On 15 April 1874, a sensational exhibition sparked outrage in Paris. Thirty artists branding themselves the Indépendantes had allied against the capital’s official art show, the Paris Salon. With their loosely painted ‘impressions’ of modern life, their canvases flouted the conservative standards enforced by the Académie des Beaux-Arts. To crown it all, there was ‘also a woman in the group’. The exhibition shocked the public, provoked the critics and dominated Parisian conversation that spring. It also changed history.
Nearly 150 years later, the Impressionists still hold audiences enthralled. And although the male Impressionists have dominated the cultural scene, the women remain a source of particular curiosity – for in espousing Impressionism, their behaviour was doubly controversial. Not only did it subvert 19th-century artistic conventions; it set them at odds with everything a woman was supposed to be.
Now, for the first time The Women Impressionists gives these painters a voice. It offers an unprecedented group portrait of the four most prominent female Impressionists: Berthe Morisot, Mary Cassatt, Eva Gonzalès and Marie Bracquemond.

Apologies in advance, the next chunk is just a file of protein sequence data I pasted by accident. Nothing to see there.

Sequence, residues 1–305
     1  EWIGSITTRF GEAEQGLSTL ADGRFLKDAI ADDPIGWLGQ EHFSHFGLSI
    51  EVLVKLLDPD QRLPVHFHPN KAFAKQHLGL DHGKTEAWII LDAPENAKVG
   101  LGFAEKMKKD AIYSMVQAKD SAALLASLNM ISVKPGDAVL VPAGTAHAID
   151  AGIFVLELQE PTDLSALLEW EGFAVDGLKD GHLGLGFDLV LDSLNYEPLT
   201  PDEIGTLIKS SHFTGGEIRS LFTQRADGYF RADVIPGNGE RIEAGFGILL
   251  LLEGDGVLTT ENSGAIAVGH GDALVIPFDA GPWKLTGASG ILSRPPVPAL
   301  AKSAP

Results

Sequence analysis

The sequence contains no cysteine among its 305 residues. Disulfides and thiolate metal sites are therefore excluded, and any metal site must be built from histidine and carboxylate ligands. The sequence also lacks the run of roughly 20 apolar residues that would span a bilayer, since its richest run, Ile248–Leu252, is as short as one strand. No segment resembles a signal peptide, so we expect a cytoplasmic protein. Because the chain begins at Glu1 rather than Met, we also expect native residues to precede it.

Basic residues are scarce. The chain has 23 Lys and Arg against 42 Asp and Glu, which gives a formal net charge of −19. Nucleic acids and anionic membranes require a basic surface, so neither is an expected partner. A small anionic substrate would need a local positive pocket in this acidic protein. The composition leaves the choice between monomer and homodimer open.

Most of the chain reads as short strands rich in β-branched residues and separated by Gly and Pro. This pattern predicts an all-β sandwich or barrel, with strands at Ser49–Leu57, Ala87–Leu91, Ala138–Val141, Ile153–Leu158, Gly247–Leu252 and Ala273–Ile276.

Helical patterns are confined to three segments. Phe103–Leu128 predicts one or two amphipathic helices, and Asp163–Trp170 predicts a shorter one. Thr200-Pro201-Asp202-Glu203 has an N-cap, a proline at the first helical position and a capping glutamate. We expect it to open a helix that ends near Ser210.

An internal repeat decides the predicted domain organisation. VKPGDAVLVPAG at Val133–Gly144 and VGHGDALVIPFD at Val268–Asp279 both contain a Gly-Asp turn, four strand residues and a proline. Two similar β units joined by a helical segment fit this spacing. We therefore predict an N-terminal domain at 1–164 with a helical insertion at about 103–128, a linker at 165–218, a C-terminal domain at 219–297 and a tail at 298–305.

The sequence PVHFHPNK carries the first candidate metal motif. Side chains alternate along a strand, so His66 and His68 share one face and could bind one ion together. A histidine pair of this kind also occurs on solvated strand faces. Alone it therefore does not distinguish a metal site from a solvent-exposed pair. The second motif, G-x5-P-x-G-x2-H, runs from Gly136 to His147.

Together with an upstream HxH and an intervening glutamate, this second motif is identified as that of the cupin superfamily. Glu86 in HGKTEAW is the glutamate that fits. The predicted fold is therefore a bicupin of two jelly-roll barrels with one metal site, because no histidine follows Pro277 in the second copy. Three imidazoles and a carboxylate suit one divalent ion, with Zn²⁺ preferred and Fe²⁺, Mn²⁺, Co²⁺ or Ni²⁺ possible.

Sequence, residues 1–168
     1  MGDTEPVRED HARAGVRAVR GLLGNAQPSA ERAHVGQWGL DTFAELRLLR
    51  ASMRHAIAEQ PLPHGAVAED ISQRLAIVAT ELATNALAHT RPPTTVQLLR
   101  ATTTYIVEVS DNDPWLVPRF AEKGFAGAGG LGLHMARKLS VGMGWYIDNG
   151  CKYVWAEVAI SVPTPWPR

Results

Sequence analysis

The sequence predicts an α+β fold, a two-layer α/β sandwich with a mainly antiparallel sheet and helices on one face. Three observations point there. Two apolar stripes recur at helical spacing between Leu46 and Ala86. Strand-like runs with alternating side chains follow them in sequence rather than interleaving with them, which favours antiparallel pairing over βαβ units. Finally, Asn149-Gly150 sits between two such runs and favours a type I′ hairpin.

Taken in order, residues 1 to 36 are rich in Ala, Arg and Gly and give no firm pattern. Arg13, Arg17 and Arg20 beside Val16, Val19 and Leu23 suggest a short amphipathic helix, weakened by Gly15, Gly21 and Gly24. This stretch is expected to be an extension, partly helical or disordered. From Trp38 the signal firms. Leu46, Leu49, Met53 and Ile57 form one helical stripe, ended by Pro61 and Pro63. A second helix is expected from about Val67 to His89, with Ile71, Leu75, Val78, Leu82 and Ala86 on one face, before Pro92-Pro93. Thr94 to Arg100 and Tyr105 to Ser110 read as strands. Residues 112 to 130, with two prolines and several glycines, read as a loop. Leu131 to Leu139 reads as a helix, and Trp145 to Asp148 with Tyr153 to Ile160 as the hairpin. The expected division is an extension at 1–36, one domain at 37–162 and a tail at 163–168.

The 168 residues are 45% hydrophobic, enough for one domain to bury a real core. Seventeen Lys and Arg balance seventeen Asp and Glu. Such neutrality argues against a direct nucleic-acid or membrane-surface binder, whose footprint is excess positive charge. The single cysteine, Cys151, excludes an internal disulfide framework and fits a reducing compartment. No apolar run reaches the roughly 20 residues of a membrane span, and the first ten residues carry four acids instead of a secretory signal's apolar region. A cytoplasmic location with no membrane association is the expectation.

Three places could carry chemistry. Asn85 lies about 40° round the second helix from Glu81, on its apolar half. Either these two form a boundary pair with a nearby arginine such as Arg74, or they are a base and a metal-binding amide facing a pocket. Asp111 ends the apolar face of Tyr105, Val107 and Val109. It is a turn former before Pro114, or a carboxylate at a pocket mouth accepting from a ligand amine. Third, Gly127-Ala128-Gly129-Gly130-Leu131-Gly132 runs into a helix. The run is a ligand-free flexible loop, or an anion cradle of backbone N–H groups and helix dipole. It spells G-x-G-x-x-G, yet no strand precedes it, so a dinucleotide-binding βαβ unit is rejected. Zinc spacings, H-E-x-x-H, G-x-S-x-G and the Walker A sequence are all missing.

Chronicling the lives and loves of this revolutionary quartet, The Women Impressionists traces the women’s journeys in the male-dominated 19th-century Paris art world. From the prejudice they faced to the repercussions of pursuing a career at a time when ‘nice girls’ were expected solely to keep house and reproduce – the book offers a revelatory perspective on Impressionism.
Founded on rigorous research, The Women Impressionists interweaves these four, interconnecting stories . Morisot, Cassatt, Gonzalès and Bracquemond were far more than just women painters; together, they emerge as powerful feminine icons and a dynamic force behind Impressionism.
Catherine Hewitt has had a long career in academia, with a special interest in 19th-century French art, literature and social history.
Having been awarded a first-class honours degree in BA French from Royal Holloway, University of London, she went on to attend the prestigious Courtauld Institute of Art where she took a Masters in the History of 19th-Century French Art and was awarded a distinction. In 2012, she completed her PhD on The Formation of the Family in 19th-Century French Literature and Art, with joint supervision from Royal Holloway and the Courtauld Institute. Throughout her a...
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